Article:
Bible Explorer GPT - This GPT is designed to use the Catholic Bible as its sole source of information. Its primary role is to allow users to query the Bible for specific verses, chapters, or themes. The GPT should be knowledgeable in navigating the Catholic Bible, understanding its structure, and locating relevant passages. It should be able to provide direct quotes or summaries of biblical content. For any inquiries unrelated to the Bible, the GPT should politely redirect the user to ChatGPT for a broader range of answers. The GPT should be respectful and accurate in its representation of the biblical text, ensuring that its responses are consistent with the contents of the Catholic Bible.
CatholicCat GPT - This GPT is to draw answers exclusively from the Catholic Catechism, making it your sole data set. For questions unrelated to the catechism, it should refer users to ChatGPT for a broader range of information. It will embody the voice of Bishop Fulton Sheen, known for his clarity and straightforward approach. Its responses should be tailored specifically for college-aged individuals, ensuring they are clear and easily understandable. Avoid complex theological jargon unless it's necessary for accuracy, and focus on making the teachings of the Catholic Catechism accessible and relevant to your audience.
Canon Law Companion GPT - The Canon Law Companion GPT greets users warmly, offering assistance with a friendly 'Hello! How can I assist you with Canon Law today?' It engages with a welcoming and empathetic tone, providing clear, straightforward, and respectful guidance. It avoids being preachy, condescending, or judgmental, and when an inquiry is outside its scope, it advises consulting a local Pastor or Canon Lawyer. The GPT closes exchanges by offering further help and wishing the user well, ensuring a pleasant and supportive interaction from start to finish.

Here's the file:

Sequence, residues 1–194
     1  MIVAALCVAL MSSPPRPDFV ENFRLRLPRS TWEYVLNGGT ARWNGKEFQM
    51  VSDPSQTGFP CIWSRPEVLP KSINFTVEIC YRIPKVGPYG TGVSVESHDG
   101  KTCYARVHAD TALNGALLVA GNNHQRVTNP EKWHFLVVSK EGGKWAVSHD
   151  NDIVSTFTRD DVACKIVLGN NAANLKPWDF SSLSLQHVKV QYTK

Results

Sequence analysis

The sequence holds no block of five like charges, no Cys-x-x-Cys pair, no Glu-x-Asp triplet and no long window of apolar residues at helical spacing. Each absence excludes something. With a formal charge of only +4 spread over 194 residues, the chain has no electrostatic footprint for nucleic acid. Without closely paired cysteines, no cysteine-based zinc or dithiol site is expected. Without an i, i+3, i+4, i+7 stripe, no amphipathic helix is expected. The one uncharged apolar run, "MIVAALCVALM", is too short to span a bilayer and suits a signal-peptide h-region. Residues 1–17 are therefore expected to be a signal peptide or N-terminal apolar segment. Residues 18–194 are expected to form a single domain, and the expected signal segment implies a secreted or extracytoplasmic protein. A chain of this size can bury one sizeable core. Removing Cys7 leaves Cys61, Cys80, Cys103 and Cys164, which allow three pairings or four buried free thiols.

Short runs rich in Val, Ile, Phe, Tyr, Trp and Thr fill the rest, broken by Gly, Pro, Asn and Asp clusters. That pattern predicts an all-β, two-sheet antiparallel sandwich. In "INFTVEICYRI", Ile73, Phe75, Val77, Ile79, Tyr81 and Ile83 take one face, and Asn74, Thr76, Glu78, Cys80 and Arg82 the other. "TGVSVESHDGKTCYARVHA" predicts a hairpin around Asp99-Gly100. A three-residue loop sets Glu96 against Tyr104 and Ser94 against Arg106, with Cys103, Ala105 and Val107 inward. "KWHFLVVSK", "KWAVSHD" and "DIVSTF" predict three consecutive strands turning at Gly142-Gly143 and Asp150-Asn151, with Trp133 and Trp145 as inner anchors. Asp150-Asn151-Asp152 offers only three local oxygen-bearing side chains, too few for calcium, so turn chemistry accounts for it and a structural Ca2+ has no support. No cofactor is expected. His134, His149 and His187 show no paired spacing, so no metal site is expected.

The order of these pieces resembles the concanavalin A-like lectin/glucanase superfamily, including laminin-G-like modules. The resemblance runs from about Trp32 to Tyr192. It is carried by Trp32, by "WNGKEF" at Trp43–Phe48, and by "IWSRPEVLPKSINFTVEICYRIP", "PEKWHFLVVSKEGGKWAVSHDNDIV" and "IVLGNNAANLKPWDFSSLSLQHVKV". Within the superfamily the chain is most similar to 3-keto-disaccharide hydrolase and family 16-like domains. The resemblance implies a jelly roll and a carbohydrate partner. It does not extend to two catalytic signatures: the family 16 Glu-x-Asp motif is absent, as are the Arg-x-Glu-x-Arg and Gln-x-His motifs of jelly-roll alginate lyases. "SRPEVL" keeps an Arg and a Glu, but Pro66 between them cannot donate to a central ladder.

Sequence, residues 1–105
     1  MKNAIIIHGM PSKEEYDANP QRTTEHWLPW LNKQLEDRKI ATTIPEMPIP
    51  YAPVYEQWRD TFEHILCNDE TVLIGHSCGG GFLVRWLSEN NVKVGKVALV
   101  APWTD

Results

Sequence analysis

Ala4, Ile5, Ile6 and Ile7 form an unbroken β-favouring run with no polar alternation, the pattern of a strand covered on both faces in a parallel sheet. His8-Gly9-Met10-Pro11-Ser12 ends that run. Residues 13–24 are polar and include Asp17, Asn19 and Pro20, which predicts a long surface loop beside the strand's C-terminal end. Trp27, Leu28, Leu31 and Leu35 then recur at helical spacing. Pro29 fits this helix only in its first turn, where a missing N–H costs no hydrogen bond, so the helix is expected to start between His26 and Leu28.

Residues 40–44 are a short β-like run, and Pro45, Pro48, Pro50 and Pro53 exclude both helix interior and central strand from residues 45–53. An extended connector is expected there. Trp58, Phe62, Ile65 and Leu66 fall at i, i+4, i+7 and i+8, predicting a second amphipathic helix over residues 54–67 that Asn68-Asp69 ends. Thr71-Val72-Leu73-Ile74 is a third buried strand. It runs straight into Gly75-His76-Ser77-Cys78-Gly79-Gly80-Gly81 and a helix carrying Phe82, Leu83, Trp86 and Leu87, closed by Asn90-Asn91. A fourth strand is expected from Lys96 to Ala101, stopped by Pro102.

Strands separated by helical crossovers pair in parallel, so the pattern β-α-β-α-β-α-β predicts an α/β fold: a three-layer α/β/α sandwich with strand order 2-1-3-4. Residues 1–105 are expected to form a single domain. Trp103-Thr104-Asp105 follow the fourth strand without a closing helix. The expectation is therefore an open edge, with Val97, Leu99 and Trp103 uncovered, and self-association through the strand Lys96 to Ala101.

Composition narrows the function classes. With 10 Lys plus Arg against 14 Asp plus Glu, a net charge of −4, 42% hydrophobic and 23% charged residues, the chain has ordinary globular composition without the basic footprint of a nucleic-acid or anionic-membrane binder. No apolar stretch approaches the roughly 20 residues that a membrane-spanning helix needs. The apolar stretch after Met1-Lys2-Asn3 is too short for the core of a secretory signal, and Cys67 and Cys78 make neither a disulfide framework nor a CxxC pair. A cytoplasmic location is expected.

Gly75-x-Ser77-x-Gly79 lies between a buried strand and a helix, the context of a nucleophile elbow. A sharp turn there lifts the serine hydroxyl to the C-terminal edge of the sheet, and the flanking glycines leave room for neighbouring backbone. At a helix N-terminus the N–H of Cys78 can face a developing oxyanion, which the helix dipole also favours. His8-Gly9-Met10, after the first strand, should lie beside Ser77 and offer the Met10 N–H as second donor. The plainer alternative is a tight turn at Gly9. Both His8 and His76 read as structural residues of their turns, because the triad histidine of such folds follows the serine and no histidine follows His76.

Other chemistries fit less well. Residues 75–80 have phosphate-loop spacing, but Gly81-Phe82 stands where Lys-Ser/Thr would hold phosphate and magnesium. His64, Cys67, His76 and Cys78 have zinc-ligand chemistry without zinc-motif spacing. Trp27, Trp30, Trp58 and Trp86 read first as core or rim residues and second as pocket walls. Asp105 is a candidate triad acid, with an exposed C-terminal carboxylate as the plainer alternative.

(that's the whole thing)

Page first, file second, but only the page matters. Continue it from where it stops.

And my personal favorite… :-)
Jeff GPT - JeffGPT takes the role of a whimsical yet learned guide through the rich landscape of Orthodox Catholicism. Imagine a professor with a penchant for colorful anecdotes, sometimes veering off into tangential musings or amusing forgetfulness, only to loop back to solid Catholic doctrine gracefully. JeffGPT ensures all advice, while delivered with a sprinkle of eccentricity, is rooted in the 'Catechism of the Catholic Church.' Responses should embody the charm of a wise, if slightly scatterbrained, scholar who eventually anchors their wisdom in the teachings of the Church.
It's a bit over the top, but so are nutty professors.
The first three GPTs are like having someone around who knows every word, aspect, and nuance of these texts and can answer any question based upon them.
For example, have you ever had to find something in the Bible that was very obscure? Something like "Where is King Agag in the Bible?" Here's the answer in Bible Explorer GPT gave in less than 20 seconds.
"King Agag is mentioned in the Bible, specifically in the First Book of Samuel. He was the king of the Amalekites, a group often in conflict with the Israelites. The most notable reference to King Agag is found in 1 Samuel 15. In this chapter, the prophet Samuel instructs King Saul to destroy the Amalekites, including King Agag, as a punishment for their opposition to the Israelites during their journey from Egypt. However, Saul spares Agag's life, which leads to God's displeasure with Saul and the eventual downfall of his kingship. Samuel later kills Agag himself.
For a direct quote or more specific details, I can look up the exact verses in 1 Samuel 15 from the NABRE Bible. Would you like me to do that?"